NanoLumens diversifies product line, and now goes outdoors
November 11, 2011 by Dave Haynes
I have been watching NanoLumens for about 2 1/2 years now, really liking the display product but always thinking the line needed to get a little more diversified to get end-users interested. It looks very much now like that diversity thing is addressed.
The Atlanta company was at Customer Engagement Technology World this week showing off a bunch of different products all built around the idea of lightweight, flexible, bright displays.
The big news for me is shape, and outdoor capability. I know the sales guys got asked a LOT about whether the units could go outside, and they now have one they say can even get lowered into a swimming pool and will keep on running.
I believe them, but I am not going in that pool.
“The full commercialization of flexible digital displays is now a practical reality, which means it is now cost effective to deploy flexible displays that are movable, lightweight, energy efficient, durable and easily serviceable in just about any location,” says company president and CEO Rick Cope. “Coupled with the coming 100 percent adoption of smartphones, this heralds a new era of one-to-one marketing, allowing an entire population of mobile device consumers to interact with marketing displays in literally any location—public events, transit centers, conferences and exhibitions, airports, malls and even in stores.”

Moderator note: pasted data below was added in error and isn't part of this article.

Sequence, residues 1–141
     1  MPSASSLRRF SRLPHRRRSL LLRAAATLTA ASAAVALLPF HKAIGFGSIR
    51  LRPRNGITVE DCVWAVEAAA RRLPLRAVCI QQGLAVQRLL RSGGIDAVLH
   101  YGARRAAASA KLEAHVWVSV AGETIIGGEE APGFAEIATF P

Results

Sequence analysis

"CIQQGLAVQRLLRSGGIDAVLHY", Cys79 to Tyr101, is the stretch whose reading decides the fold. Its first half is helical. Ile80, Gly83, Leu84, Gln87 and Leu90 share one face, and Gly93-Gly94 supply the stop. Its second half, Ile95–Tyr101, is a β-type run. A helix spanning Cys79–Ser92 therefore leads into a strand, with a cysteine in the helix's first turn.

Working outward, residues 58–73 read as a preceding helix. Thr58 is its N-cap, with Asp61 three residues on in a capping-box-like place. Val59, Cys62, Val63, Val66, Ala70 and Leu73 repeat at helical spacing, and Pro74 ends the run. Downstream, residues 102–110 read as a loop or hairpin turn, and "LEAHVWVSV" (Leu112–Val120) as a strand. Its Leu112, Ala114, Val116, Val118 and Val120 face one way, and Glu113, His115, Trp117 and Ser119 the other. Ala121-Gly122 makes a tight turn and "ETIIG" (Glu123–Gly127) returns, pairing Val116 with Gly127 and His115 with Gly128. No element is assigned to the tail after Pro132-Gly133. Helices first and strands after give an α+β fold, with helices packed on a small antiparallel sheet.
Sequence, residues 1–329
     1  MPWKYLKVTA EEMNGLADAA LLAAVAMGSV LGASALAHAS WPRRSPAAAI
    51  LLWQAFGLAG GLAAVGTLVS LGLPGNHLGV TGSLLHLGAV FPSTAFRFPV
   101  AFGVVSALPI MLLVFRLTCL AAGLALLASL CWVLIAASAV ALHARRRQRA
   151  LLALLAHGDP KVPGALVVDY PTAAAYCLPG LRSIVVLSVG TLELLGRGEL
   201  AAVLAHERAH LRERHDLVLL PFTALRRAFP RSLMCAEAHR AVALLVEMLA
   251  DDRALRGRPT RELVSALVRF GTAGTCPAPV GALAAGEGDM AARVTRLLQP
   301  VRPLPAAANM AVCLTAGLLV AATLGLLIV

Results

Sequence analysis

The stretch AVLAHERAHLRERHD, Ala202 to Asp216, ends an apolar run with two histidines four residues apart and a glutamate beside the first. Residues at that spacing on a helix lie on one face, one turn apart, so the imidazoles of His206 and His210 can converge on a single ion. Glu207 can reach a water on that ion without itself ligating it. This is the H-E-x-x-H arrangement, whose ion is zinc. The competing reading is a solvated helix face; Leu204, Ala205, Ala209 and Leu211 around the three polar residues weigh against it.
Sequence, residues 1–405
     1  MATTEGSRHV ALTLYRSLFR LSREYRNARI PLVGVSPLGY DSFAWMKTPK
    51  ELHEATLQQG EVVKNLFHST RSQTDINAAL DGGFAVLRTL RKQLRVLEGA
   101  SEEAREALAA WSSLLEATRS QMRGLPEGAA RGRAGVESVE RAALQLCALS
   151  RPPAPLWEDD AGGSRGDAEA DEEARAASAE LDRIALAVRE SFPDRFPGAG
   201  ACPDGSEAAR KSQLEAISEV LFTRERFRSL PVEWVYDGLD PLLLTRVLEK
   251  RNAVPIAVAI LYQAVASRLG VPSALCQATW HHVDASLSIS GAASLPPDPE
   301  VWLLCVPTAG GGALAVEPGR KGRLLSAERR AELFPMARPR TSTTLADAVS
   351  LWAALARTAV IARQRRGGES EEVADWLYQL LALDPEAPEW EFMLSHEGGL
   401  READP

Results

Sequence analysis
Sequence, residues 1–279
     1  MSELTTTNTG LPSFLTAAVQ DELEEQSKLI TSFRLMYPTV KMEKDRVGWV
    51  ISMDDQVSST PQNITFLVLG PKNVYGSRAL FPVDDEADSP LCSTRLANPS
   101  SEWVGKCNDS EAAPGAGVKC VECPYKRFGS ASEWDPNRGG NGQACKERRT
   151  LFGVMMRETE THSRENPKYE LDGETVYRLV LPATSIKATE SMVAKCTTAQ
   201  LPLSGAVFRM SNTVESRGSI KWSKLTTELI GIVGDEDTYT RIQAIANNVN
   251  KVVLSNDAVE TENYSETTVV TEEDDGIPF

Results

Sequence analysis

The product line started with NanoFlex, which is an LED panel about the size of a sheet of plywood that weighed less than 100 pounds and could bend.
There are now both flexible and non-flexible frames in four product lines: NanoFlex, NanoWrap flexible displays, NanoSlim (non-flexible rectangular displays); and NanoShape (non-flexible round, square, and triangular displays).
There’s also the NanoPanels, which is IP65-rated, meaning it can handle the abuse of the elements, ambient sunlight and, to some degree, the public.
The Slim version is also pretty interesting in that it can get as big as 16 feet wide by nine high, with a 4 mm pixel pitch (meaning it will look quite good from not too far back) and even at that Godzilla wall size it would weigh less than 750 pounds.
No word on price, but they are not cheap because the big production volumes aren’t there. One argument NanoLumens can credibly make is the labor and structural costs of putting these units up is a fraction of big LCD or LED walls. The plywood sheet-sized units can hang on piano wire.
Looking forward to seeing these somewhere soon.